Annenstraße 53: Making Teaching Public


a53 - (c) Oberhofer 06

Annenstraße 53. Work by Lorenzo Sacchi. Image credit: Simon Oberhofer


A flag is painted with photosensitive chemicals commonly used in analogue photography. When exposed to light, the applied chemicals will change colour, becoming darker with time.

Our first exposition at Annenstraße 53 is of a work that is the outcome of a process of reflection that Lorenzo Sacchi engaged with during the course, Art-based Investigation: Exhibiting the Thing, at the IZK - Institute for Contemporary Art, TU Graz. This course took place during the first phase of the COVID-19 pandemic in the spring of 2020. Struck by the sudden transformation of social relations towards restricted physical presence and prolonged confinement and isolation, students explored the idea of Exhibiting the Thing, from these new conditions. Considering the finished artwork under conditions of confinement, as well as processes of conceiving art, they asked if art exists before its exposure to the audience. How can art exist if it cannot reach the other? Students questioned the relationship that art has with an audience who know of its existence and long to encounter it, but have no access to it. This work, produced under such conditions, was first exhibited at the entrance of TU Graz in front of the Alte Technik, hoisted among other flags.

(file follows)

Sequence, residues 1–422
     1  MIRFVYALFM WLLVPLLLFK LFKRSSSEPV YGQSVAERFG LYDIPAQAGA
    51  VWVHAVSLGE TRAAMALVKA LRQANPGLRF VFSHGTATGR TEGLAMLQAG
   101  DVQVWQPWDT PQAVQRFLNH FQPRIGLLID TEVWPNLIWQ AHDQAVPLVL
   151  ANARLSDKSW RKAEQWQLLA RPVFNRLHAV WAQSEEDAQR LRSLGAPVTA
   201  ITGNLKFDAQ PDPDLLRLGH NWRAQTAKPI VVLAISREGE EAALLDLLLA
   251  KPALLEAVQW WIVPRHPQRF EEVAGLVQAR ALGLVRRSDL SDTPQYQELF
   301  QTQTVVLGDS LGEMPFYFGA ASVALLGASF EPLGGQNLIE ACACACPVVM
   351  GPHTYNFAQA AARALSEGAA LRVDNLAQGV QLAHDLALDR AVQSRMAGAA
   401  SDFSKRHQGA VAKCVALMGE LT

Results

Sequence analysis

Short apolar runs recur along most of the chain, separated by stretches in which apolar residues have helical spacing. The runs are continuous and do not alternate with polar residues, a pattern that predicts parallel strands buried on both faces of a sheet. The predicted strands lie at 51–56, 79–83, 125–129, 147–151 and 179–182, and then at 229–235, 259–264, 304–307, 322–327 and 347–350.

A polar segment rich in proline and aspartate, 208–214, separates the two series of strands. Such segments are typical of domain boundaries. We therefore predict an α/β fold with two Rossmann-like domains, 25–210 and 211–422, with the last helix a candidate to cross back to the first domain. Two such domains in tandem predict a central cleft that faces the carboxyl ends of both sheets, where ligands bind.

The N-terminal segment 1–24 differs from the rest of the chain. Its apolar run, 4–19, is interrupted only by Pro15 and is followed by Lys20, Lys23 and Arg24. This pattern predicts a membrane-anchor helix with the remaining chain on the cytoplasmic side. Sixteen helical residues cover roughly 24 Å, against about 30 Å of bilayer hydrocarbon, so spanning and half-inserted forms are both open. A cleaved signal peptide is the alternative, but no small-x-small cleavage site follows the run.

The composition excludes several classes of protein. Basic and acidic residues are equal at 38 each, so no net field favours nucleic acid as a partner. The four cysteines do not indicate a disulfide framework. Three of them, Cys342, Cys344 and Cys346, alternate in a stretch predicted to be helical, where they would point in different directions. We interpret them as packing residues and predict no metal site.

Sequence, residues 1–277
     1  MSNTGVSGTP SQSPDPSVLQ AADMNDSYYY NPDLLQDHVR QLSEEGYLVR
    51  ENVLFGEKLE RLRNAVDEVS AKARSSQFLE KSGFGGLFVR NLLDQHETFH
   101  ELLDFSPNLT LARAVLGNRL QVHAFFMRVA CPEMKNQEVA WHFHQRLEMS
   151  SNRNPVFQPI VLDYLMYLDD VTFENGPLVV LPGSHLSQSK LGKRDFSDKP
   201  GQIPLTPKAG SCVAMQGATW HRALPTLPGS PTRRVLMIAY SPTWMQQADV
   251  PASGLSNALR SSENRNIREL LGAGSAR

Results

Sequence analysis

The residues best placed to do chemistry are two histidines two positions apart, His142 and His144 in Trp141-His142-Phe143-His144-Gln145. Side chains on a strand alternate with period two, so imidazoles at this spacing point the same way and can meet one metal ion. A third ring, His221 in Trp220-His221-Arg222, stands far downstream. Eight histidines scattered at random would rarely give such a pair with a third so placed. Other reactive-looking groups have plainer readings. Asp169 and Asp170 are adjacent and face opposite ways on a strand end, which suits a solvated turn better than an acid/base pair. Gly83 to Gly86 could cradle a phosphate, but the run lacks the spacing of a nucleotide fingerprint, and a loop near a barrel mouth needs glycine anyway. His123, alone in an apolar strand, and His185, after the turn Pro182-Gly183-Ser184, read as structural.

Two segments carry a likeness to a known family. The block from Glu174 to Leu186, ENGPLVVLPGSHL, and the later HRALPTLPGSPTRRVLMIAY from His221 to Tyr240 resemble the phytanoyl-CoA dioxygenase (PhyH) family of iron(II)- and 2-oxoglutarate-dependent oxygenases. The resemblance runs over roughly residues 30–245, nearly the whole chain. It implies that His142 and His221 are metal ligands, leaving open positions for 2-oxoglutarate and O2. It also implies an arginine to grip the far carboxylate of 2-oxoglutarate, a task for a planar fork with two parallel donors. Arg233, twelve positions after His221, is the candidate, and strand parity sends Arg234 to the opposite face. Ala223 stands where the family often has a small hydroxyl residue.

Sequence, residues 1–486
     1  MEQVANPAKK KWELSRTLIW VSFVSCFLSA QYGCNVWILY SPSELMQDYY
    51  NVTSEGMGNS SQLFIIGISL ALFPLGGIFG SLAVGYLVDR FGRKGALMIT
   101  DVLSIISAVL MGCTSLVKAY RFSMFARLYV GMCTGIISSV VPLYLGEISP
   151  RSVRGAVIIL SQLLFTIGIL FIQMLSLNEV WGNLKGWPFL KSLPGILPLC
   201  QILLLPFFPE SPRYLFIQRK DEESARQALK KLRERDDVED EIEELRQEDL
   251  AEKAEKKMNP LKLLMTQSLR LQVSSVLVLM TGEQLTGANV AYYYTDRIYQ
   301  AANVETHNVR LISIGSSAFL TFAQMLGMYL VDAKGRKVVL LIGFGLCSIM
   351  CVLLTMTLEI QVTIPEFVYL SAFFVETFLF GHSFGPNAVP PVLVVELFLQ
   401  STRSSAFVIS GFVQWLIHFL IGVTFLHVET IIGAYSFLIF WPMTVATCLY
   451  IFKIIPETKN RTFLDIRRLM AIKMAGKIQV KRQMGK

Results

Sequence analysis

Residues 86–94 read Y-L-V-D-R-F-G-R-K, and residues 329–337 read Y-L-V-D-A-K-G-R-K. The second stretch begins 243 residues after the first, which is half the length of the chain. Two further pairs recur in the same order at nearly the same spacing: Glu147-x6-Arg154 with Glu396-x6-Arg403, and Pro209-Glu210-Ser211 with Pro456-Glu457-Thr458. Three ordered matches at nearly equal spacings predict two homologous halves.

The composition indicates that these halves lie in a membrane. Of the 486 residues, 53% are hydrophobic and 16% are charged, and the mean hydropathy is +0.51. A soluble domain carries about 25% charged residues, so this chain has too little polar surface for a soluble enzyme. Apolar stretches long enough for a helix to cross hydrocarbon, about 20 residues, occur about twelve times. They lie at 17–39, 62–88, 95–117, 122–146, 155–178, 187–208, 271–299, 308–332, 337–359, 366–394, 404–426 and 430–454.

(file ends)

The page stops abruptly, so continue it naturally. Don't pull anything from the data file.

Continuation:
Lorenzo Sacchi writes: ‘A reflection on unfulfilled promises, expectations, future, and present as becoming -never-ending and product-less transformation and identity. A flag is used as a representation of a fixed identity or institutional status to be maintained, but in this case, the colours and the appearance of the flag are always changing and thus challenging the fixed relations. The media of photography is reduced to its photosensitive quality and used to express transformation while undergoing transformation. In this sense, the exposure of the work of art to the public corresponds to its photographic exposure and to its own realization in becoming, bonding the two processes together.’